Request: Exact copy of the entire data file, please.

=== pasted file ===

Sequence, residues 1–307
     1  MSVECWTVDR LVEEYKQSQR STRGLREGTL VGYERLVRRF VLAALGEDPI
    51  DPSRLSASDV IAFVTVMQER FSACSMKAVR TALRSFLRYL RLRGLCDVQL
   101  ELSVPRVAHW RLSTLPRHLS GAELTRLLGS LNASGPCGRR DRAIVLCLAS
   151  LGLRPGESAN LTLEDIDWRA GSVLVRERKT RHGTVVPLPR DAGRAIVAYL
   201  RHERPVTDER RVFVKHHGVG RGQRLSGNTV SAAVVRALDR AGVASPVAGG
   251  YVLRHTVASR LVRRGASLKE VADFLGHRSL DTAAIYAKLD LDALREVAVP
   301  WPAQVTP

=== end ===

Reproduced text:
Sequence, residues 1–307
     1  MSVECWTVDR LVEEYKQSQR STRGLREGTL VGYERLVRRF VLAALGEDPI
    51  DPSRLSASDV IAFVTVMQER FSACSMKAVR TALRSFLRYL RLRGLCDVQL
   101  ELSVPRVAHW RLSTLPRHLS GAELTRLLGS LNASGPCGRR DRAIVLCLAS
   151  LGLRPGESAN LTLEDIDWRA GSVLVRERKT RHGTVVPLPR DAGRAIVAYL
   201  RHERPVTDER RVFVKHHGVG RGQRLSGNTV SAAVVRALDR AGVASPVAGG
   251  YVLRHTVASR LVRRGASLKE VADFLGHRSL DTAAIYAKLD LDALREVAVP
   301  WPAQVTP